The recipe I used for this cake was actually not a good choice. It’s called a Kentucky Butter Cake and I found it in the website www.allrecipes.com
I have to admit I was impressed with all the positive feedback the recipe generated. It’s just too sweet for our taste and if I ever do this cake again, some adjustments have to be made. First of all, I will not leave the cake in the pan as long as I did. It got stuck in the pan after I left it in the refrigerator for a day and took me a long time and a lot of hot water to get the cakes out.
This is a very basic carrot cake iced with a cream cheese frosting which I used for the “white cake” I wrote about in my last post. I tweaked the recipe to my taste and think this will be my keeper recipe. I just love this cake for the spice, the moistness, the crunch of the nuts and the fact that it actually has some vegetable in it. That fact kind of fools me into thinking this is a healthy cake. You have to admit, it is healthier than a butter pound cake. Continue reading “Carrot Cake with Cream Cheese Frosting”
I purposely looked for this recipe after we went to the Greek Festival here in Colorado Springs last summer. There was this particular cake that I really loved and just guessed what it was. When I saw this recipe, I think I had it. It’s a walnut cake laced with citrus syrup after it’s been cooled. The recipe was a genoise cake which I wrote about in more detail in this post. I think I’ll make changes in the future and add some butter or shortening.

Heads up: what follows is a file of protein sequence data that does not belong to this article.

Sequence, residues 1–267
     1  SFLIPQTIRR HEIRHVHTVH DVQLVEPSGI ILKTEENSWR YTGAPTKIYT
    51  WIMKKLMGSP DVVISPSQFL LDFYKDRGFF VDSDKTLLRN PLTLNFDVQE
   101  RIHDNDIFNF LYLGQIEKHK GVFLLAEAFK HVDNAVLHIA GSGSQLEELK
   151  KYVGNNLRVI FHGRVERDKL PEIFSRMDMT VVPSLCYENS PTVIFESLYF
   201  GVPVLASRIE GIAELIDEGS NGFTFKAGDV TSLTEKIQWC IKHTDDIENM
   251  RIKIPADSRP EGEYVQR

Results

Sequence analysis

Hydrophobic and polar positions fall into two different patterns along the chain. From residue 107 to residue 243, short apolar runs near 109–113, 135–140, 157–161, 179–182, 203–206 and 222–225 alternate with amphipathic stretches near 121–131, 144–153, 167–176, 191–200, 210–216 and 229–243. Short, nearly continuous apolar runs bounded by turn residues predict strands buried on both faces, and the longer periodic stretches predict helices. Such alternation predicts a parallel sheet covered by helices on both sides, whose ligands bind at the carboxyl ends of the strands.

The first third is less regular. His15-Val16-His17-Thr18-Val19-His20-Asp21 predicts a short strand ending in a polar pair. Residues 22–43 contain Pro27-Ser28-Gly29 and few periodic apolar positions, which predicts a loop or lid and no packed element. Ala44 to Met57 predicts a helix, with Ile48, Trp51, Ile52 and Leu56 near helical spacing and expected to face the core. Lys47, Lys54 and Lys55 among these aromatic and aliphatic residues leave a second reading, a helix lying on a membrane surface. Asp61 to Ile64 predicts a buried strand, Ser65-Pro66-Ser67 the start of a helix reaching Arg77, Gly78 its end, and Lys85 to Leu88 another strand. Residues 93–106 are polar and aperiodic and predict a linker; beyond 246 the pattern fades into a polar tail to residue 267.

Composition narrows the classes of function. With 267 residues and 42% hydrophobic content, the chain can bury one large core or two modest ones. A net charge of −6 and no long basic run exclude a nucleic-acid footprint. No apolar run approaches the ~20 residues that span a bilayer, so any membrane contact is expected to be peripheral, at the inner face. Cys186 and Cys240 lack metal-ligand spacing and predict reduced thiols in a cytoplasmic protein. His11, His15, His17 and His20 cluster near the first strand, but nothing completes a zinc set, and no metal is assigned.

I didn’t make many changes to the recipe and found it was too dry. Then again, I’m in high altitude so that certainly made a difference. That was easily corrected by serving the cake with a large dollop of whipped cream. Continue reading “Greek Walnut Cake”
This experiment was a success, if I might say so myself. The cupcakes had that very delicate pandan flavor…not at all overpowering as I thought it would be. I meant for the green and pink tints to be much lighter but that can be corrected next time. The recipe is based on a Vanilla Cupcake recipe from that famous NYC landmark, Magnolia Bakery. The only changes I made were to substitute pandan extract with the vanilla and added some green food coloring.